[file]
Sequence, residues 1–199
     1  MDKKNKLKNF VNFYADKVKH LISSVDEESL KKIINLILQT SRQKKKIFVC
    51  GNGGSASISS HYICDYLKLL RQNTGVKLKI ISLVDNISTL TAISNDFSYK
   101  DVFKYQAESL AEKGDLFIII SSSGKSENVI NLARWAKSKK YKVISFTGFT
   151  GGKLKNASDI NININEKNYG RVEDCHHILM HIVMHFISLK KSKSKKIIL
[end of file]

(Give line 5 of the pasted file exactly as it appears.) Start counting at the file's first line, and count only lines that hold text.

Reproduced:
   151  GGKLKNASDI NININEKNYG RVEDCHHILM HIVMHFISLK KSKSKKIIL